Built overwhelmingly of wood until the Soviet period, Ruza during the 18th and 19th centuries saw the construction of masonry churches that formed the town’s visual dominants. The oldest of these is the Cathedral of the Resurrection, originally constructed in 1714-1721 and substantially rebuilt during the 19th century. Desecrated during the Soviet period, the structure has undergone a major reconstruction as the town’s main church.

A few blocks from the central square is the Church of the Intercession, completed in 1781 in a transitional style from baroque to neoclassical. Its monumental bell tower stood separately until the construction of a refectory in the early 19th century.

Near the Intercession Church is the Leontiev house, a good example of the “wooden moderne” style from the early 20th century. The log structure was crafted by Finnish carpenters in Vyborg and then transported to Ruza.

In terms of design, the most idiosyncratic structure in Ruza is the Church of St. Dmitry, completed in 1792 near the cemetery across the small Gorodenka River on the west side of town. Its form consists of a cruciform core with rusticated bays inserted on the diagonals. The effect on the interior is something like an octagonal tower, but with unequal sides. A refectory and bell tower added in 1848 increased the space, but obscured the dynamic form.

By the end of the 19th century, Ruza had a modest commercial district extending from the cathedral toward the Intercession Church. In the early 20th century, much progress was made in education, social welfare and beautification of the town, including a large park.

 This amelioration led to the Ruza’s designation in the 1930s as part of a projected “green rest zone” for greater Moscow. These hopes were interrupted by the outbreak of war. During the Battle of Moscow in Fall 1941, Ruza was occupied by German forces on Oct. 25. Following the Soviet victory at Moscow, a Soviet counteroffensive approached the outskirts of the town in late December. The Germans in the meantime had converted the Ruza River into a heavily defended barrier, and the town was not cleared of the enemy until Jan. 19, 1942.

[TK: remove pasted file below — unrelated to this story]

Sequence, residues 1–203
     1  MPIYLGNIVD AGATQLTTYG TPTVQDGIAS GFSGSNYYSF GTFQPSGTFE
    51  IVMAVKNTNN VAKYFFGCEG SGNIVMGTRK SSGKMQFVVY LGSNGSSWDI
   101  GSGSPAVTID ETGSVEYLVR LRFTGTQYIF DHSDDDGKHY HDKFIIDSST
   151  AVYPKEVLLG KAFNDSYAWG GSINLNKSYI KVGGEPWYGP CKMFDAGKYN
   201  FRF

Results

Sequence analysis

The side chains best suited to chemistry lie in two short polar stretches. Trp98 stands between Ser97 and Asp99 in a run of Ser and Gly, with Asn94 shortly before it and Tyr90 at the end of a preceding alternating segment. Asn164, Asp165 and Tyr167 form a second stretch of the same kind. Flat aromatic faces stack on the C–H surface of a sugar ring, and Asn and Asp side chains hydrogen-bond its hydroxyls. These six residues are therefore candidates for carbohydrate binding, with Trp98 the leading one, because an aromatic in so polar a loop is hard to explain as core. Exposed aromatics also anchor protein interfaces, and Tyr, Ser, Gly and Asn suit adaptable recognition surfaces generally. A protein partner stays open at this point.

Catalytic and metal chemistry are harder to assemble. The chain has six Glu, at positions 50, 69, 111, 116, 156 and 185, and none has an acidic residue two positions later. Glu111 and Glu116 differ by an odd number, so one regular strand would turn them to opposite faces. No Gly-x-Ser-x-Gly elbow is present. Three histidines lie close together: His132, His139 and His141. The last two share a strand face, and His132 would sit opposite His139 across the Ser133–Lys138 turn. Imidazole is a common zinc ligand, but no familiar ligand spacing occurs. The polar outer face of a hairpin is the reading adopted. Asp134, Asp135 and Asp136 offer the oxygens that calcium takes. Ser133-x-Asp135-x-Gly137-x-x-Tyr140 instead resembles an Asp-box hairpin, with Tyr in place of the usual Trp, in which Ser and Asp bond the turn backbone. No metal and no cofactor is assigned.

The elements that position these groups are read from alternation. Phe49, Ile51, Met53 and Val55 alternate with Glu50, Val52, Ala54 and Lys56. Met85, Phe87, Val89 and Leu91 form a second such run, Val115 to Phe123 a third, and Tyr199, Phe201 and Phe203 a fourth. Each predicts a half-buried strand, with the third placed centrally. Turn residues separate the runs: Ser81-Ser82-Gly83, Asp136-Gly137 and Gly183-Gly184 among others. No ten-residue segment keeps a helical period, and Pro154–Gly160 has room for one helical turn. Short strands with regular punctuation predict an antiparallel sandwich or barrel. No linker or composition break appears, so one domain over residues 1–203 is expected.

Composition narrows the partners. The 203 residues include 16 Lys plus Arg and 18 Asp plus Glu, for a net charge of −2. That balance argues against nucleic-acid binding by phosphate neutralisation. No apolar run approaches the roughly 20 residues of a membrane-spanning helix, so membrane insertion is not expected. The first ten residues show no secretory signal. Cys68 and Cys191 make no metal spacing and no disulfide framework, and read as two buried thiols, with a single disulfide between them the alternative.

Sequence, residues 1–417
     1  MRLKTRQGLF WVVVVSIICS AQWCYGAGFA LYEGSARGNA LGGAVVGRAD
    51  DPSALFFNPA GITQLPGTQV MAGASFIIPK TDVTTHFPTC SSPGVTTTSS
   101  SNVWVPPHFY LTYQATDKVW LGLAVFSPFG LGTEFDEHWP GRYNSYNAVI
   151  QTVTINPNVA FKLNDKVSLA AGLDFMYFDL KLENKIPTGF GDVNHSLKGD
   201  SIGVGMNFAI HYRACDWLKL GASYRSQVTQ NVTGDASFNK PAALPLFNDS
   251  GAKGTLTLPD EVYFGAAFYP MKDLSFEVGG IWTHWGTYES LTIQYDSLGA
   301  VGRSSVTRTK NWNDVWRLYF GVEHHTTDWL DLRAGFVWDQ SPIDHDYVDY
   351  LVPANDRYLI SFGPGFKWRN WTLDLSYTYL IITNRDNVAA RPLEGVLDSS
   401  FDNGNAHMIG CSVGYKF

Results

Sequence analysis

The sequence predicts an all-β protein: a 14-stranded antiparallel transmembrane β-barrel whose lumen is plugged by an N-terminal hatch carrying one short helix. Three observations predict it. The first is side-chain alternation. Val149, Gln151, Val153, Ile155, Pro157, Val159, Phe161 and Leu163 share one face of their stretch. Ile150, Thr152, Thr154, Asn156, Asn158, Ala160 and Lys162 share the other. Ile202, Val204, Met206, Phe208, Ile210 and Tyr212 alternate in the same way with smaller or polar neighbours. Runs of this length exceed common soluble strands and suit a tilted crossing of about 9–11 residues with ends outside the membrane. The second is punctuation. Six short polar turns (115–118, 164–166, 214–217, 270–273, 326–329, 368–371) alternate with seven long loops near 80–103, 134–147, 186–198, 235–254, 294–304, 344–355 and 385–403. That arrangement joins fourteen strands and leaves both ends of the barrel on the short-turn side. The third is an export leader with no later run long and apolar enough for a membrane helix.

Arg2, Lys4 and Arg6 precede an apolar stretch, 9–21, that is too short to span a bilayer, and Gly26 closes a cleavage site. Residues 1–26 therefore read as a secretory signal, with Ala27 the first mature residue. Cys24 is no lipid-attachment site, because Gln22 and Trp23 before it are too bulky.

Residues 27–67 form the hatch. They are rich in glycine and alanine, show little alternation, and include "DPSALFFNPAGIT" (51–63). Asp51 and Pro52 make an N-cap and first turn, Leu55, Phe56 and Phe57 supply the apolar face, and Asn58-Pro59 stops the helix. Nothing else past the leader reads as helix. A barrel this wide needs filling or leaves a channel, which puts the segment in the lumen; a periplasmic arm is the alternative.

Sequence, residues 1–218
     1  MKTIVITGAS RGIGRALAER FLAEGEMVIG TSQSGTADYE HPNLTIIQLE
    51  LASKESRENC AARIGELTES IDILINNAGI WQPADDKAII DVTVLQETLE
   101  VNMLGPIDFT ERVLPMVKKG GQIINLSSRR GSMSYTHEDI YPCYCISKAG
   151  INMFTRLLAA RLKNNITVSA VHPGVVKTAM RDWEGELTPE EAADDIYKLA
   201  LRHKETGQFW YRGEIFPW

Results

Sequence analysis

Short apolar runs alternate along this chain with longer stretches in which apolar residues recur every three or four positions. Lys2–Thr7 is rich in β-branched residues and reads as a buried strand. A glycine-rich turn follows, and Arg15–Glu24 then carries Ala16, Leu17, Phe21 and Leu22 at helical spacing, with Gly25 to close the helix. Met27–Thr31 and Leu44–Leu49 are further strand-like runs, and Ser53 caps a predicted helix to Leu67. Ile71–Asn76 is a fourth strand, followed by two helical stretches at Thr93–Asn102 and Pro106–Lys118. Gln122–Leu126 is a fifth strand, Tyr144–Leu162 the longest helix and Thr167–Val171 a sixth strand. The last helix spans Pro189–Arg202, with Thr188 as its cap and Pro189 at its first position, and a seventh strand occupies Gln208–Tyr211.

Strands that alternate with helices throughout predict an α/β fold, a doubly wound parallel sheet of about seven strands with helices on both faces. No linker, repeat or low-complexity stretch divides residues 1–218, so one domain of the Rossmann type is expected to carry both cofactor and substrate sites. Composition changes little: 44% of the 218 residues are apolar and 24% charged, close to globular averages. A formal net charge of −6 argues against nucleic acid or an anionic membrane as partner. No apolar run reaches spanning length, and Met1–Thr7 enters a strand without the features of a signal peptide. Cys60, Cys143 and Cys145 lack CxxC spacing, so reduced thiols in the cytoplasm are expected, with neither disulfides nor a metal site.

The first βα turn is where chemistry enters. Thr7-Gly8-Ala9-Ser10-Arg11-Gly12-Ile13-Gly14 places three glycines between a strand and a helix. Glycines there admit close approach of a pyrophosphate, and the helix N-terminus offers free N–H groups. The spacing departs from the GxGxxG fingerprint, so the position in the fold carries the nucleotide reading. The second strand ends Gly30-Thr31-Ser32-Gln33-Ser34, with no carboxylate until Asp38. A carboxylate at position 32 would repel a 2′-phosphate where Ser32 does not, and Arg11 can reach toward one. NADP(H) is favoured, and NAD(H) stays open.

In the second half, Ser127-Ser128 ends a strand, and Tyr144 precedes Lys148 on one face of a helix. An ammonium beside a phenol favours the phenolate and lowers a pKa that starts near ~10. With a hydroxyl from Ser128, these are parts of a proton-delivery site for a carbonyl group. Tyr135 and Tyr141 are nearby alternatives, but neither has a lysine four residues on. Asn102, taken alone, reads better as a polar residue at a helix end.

Ruza was severely damaged not only by the fighting but also by widespread pillaging over almost three months of occupation. Partisan activity focused on intelligence gathering, but there were also efforts to destroy German shelter in the area.

One such attempt at the nearby village of Petrishchevo led to the capture, torture and execution of the 18-year old Zoya Kosmodemyanskaya. After the first accounts in late January of her heroic resistance, she became a national martyr and the first woman to receive the title (posthumously) of Hero of the Soviet Union. The main memorial to local sacrifices during the war is situated in a park square near the Resurrection Cathedral.

Rebuilt by 1947, Ruza benefited in subsequent decades from thoughtful stewardship that has made its park-like setting into one of the most attractive small towns in the Moscow area. Although not served by the suburban rail network, Ruza is readily accessible by car or bus from Moscow or nearby Mozhaisk.

Some 10 km north of Ruza is the estate ensemble at Nikolskoe-Gagarino, a grand monument to the Age of Catherine the Great. Built in 1774-84 to a design by Ivan Starov, one of the leading masters of Russian neoclassicism, the estate belonged to Prince Sergei S. Gagarin (1745-98). The manor house and park are not open to the public, but the Church of St. Nicholas and its monumental bell tower (blown up during fighting in the fall of 1941) have been splendidly restored and are beautifully visible from the main road. 

All rights reserved by Rossiyskaya Gazeta.